It turns out that is the expectation of over all possible events, and it can be thought of as a measure of the amount of information provided by an observation of or our uncertainty about .

*Definition 10 (conditional entropy). *For a pair of random variables and , a quantity is called the conditional entropy of with a given . More precisely, if is the entropy of the variable on condition of the variable taking a certain value, then is the result of averaging over all possible values that may take as follows:

Given the value of the other random variable , the conditional entropy quantifies the remaining amount of information needed to describe the outcome of a random variable . Here, if and only if the value of is completely determined by the value of . Conversely, if and only if and are independent random variables.

*Definition 11 (mutual information [19]). *Consider two random variables and with a joint probability mass function and marginal probability mass functions and . The mutual information is the relative entropy between the joint distribution and the product distribution , which can be defined by (6). Thus, the mutual information is the reduction in the uncertainty of due to the knowledge of :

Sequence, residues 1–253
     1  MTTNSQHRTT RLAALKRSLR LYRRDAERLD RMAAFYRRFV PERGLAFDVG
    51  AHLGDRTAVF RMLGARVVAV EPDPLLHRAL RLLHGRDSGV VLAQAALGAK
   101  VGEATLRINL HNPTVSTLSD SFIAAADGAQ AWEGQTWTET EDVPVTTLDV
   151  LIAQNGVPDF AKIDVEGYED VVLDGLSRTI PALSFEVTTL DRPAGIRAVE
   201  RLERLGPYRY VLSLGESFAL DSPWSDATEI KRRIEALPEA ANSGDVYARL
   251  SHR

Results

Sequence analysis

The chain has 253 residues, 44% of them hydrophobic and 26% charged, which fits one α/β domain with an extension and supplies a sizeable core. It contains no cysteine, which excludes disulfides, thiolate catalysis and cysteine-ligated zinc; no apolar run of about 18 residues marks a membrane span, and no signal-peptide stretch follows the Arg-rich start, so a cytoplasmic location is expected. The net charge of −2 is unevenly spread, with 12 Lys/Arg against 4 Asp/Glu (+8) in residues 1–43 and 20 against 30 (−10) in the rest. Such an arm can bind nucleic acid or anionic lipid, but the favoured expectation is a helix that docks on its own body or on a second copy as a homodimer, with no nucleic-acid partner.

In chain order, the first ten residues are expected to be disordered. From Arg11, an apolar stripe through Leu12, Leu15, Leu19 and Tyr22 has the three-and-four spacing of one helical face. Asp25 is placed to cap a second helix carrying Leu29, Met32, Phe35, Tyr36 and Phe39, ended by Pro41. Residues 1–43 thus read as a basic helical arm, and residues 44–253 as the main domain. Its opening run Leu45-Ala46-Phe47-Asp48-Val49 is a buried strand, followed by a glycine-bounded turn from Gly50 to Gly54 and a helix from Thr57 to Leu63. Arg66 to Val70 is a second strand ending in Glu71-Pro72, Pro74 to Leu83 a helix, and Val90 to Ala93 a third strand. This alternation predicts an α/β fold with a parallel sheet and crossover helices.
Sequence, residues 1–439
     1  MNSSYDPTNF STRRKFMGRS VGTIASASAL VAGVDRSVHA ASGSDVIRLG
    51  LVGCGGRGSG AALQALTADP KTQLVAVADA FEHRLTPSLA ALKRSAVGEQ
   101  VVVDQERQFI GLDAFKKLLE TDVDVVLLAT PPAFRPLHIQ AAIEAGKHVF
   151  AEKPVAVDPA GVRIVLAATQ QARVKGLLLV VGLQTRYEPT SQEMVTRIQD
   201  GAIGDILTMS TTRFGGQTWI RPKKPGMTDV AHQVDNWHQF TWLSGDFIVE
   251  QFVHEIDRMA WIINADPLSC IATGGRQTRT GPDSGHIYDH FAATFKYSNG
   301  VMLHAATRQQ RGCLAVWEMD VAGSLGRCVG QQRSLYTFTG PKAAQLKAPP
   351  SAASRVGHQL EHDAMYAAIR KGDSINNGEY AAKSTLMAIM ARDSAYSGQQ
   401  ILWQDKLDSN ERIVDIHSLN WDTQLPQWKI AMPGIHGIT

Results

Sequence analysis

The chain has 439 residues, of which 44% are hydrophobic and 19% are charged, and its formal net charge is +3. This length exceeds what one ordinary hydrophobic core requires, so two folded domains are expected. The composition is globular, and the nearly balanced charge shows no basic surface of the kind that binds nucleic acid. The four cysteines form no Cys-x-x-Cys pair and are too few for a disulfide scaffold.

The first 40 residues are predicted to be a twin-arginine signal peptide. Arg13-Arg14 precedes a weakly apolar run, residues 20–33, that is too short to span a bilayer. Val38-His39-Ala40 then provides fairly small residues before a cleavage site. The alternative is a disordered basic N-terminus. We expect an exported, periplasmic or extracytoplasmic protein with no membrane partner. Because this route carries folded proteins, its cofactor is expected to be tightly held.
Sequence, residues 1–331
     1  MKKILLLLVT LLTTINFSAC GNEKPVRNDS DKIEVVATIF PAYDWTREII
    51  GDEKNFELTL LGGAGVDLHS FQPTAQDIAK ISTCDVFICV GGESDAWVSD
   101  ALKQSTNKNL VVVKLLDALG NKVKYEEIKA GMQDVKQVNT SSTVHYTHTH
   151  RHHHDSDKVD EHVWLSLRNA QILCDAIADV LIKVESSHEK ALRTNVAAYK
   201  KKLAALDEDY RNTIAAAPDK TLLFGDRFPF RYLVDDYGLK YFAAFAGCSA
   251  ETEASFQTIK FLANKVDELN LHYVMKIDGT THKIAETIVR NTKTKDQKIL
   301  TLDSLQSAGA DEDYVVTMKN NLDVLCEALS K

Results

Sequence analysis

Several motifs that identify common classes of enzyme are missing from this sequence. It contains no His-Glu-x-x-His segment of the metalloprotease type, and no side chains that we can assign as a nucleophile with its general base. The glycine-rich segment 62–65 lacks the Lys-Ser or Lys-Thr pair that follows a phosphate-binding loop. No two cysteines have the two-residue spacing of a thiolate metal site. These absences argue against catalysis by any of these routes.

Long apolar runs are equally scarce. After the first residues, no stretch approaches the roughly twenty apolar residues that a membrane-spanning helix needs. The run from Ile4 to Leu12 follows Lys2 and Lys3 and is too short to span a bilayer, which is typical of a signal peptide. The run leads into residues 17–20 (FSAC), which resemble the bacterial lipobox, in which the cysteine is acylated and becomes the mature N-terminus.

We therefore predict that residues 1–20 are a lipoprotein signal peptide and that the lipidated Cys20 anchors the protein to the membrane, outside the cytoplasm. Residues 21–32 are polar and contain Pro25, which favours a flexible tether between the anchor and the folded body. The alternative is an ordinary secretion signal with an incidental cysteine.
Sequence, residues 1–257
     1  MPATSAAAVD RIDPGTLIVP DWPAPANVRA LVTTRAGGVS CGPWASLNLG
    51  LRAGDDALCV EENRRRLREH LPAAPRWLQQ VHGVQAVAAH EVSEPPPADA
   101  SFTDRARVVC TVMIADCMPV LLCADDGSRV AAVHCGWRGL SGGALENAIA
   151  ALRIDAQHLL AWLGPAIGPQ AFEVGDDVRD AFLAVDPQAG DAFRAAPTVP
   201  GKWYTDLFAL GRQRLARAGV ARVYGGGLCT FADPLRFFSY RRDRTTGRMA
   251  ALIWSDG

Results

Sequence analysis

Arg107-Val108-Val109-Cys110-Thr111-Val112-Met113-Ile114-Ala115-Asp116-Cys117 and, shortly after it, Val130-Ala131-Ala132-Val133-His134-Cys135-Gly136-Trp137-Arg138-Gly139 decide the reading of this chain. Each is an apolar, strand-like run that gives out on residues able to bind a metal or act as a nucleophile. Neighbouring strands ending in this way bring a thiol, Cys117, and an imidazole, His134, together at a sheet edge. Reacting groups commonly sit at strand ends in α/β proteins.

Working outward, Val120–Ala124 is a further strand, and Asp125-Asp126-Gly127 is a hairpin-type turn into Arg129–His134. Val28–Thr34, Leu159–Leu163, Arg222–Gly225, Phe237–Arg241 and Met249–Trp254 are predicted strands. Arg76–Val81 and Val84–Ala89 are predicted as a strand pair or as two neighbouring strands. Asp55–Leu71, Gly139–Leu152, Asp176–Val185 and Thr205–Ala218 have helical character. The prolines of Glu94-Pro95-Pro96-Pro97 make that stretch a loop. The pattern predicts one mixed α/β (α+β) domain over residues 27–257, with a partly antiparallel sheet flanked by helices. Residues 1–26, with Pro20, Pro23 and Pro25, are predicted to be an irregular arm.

One can see from the above expression that the mutual information is symmetric in and . This symmetry means that this notion of uncertainty has the property that the information we gain about when knowing is the same as the information we gain about when knowing .

##### 2.4. PAM Clustering Algorithm

Kaufman and Rousseeuw [21, 22] proposed a clustering algorithm partitioning around medoids (PAM), which partitions a set of objects into clusters, where the objects in one cluster show a high degree of similarity, while objects belonging to different clusters are as dissimilar as possible. PAM clustering algorithm only needs a distance matrix between objects and does not need the location of the objects or other information. Motivated by the idea of PAM, we use this clustering algorithm to divide the set of many objectives into different clusters.